1. Abandon all-nighters - Foregoing sleep by cramming all night reduces your ability to retain information by up to 40%. If you can, mix in a nap somewhere to refresh your hippocampus.
2. It doesn’t mean what you think - If you know you have to pull an all-nighter, try a “prophylactic nap.” It’s a short nap in advance of expected sleep deprivation that will help you stay alert for up to 10 hours afterwards.
3. You can’t avoid that down period after lunch by not eating - Human bodies naturally go through two phases of deep tiredness, one between 2-4 a.m. and between 1-3 p.m. Skipping lunch won’t help this period of diminished alertness and coordination.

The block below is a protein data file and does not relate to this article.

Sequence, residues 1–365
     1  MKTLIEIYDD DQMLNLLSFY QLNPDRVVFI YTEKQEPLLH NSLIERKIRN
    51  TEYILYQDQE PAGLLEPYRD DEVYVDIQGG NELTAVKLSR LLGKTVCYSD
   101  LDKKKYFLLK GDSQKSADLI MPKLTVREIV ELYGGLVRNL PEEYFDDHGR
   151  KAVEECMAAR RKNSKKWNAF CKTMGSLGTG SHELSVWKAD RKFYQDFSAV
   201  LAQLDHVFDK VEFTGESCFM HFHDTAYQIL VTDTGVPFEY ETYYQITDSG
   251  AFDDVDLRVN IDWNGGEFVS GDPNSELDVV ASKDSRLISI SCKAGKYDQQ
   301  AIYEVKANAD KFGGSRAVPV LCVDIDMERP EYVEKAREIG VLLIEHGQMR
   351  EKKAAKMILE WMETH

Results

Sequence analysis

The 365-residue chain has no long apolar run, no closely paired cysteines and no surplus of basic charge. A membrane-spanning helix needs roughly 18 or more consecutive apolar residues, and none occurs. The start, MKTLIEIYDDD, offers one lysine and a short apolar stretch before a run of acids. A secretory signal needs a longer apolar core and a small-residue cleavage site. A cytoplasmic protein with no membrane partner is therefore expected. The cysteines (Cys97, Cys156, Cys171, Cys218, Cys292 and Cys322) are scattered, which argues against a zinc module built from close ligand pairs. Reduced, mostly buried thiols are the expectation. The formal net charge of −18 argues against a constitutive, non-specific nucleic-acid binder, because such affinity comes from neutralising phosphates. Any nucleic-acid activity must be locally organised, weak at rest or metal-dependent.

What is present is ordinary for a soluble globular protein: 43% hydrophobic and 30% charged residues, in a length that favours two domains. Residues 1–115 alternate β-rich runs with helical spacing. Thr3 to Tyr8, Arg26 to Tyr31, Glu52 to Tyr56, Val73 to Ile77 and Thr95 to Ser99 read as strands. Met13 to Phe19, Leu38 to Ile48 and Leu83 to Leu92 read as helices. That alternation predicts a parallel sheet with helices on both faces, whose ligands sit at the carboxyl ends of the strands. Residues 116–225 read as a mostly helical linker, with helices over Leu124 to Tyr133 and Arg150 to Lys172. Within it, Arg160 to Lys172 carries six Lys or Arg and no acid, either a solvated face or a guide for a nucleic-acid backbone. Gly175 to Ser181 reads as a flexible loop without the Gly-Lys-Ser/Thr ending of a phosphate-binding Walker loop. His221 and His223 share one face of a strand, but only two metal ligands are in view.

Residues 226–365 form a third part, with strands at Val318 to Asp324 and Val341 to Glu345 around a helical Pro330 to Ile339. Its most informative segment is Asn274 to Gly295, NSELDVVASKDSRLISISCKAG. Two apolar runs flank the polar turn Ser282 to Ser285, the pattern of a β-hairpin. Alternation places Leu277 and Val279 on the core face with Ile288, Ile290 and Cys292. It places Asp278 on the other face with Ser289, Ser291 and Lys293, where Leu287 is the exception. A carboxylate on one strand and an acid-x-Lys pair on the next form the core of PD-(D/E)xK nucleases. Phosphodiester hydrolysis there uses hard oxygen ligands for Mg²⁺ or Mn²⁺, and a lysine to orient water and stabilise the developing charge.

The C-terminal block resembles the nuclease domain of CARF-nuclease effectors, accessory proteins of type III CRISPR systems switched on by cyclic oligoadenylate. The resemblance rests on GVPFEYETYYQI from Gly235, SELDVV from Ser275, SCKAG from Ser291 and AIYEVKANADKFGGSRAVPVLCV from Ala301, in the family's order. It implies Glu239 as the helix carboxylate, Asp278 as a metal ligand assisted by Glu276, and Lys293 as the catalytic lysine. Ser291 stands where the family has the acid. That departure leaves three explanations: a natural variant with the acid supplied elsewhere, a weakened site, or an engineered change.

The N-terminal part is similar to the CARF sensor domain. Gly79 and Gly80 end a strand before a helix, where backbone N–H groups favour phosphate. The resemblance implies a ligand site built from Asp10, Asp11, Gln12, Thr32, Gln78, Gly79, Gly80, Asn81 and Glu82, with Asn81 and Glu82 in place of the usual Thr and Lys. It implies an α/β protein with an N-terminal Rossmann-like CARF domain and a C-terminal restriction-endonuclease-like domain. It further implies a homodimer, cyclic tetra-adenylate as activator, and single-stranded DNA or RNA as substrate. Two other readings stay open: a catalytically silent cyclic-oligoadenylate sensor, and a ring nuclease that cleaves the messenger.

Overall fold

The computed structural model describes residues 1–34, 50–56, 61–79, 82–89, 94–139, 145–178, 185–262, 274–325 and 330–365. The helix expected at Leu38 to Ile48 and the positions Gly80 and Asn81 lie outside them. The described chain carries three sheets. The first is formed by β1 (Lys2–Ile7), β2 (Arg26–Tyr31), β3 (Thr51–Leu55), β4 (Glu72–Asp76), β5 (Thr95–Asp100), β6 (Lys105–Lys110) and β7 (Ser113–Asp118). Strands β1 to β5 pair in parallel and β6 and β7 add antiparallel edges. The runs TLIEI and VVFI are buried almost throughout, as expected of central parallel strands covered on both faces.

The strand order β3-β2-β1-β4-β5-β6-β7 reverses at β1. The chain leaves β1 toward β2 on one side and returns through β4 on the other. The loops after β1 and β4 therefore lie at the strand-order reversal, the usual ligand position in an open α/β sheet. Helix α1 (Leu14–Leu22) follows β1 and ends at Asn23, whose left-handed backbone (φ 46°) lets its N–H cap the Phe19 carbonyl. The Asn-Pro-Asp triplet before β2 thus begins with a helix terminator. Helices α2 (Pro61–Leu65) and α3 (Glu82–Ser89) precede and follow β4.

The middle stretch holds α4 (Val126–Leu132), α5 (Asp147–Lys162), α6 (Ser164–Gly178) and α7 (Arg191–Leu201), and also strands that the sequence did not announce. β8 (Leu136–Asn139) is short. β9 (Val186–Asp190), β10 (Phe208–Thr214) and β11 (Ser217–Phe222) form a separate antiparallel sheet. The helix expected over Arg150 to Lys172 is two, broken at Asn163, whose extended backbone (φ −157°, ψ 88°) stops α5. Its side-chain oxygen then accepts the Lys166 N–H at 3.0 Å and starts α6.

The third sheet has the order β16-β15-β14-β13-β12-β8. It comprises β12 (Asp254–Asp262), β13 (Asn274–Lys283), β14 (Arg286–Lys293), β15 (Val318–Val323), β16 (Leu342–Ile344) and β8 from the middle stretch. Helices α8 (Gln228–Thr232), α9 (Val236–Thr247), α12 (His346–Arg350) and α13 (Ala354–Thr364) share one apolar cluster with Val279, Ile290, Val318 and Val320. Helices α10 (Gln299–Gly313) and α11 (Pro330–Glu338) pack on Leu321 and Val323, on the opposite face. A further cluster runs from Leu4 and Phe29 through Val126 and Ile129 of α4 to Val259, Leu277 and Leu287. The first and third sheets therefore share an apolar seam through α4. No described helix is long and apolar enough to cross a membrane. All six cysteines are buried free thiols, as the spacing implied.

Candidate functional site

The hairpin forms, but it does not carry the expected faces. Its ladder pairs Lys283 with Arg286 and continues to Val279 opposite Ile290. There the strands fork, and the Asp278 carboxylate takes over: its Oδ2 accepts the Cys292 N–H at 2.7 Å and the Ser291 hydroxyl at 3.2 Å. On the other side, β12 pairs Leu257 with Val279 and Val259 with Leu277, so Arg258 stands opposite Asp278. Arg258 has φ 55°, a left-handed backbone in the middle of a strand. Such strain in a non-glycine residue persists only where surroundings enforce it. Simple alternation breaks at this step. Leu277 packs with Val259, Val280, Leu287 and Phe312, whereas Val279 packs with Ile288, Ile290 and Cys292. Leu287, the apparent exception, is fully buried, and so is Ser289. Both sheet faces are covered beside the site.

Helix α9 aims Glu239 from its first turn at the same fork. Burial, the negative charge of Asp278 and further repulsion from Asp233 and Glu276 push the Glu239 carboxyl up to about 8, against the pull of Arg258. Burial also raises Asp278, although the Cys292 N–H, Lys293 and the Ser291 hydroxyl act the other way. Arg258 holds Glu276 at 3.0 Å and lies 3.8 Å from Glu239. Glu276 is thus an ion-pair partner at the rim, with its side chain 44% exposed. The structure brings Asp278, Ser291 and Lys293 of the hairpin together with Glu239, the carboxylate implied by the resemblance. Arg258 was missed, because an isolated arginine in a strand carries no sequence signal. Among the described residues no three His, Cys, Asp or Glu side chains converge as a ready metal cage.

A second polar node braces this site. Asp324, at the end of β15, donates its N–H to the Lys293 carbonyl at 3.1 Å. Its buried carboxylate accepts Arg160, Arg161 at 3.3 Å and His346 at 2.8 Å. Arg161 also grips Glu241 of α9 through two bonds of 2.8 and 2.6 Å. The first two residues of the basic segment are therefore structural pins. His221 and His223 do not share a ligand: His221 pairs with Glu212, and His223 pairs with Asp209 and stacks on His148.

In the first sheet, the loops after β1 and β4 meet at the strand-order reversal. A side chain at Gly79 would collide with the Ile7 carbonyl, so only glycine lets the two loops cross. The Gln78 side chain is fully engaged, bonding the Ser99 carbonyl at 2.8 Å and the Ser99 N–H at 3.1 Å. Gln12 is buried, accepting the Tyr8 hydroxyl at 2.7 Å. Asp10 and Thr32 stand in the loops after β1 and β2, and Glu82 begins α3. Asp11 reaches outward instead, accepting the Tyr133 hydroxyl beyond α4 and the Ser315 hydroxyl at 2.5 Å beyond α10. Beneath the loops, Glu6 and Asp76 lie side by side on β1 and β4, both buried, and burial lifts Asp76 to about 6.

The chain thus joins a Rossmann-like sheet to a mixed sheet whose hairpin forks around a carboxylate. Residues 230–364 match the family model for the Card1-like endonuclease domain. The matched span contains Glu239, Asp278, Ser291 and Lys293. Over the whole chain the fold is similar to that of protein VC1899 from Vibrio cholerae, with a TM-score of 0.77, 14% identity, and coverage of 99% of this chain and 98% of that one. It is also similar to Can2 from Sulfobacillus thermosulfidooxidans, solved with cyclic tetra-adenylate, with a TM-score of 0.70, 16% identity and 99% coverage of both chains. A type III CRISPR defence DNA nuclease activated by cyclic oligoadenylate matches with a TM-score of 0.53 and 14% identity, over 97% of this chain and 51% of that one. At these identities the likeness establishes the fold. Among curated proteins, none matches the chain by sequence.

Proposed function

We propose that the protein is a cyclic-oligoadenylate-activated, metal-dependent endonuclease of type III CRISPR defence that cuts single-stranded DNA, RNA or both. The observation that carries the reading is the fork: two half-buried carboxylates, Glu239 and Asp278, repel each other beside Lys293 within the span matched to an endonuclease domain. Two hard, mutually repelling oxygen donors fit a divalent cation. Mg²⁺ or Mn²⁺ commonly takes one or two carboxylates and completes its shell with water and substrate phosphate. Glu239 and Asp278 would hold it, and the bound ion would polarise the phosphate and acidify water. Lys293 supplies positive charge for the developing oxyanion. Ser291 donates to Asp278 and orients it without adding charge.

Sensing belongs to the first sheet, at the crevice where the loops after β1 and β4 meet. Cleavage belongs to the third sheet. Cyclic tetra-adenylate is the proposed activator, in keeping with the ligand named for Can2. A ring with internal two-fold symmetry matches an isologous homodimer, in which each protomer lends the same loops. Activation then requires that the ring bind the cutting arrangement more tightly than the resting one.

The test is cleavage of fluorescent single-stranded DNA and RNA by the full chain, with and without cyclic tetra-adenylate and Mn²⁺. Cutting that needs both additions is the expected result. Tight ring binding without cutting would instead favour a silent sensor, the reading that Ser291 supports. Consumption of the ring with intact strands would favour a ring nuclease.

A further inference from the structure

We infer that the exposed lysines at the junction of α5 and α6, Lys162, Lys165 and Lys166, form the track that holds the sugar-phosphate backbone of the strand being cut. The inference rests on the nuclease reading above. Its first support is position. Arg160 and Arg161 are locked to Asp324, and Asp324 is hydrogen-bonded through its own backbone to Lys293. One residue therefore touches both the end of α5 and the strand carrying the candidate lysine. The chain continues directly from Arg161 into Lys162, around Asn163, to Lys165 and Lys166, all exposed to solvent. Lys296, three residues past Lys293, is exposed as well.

4. Pick the right time - After lunch in the early afternoon your body naturally gets tired. This is the best time to take a brief nap, as it’s early enough to not mess with your nighttime sleep.
5. Hour naps are great - A 60-minute nap improves alertness for 10 hours, although with naps over 45 minutes you risk what’s known as “sleep inertia,” that groggy feeling that may last for half an hour or more.
6. But short naps are best - For healthy young adults, naps as short as 20, 10, or even 2 minutes can be all you need to get the mental benefits of sleep, without risking grogginess.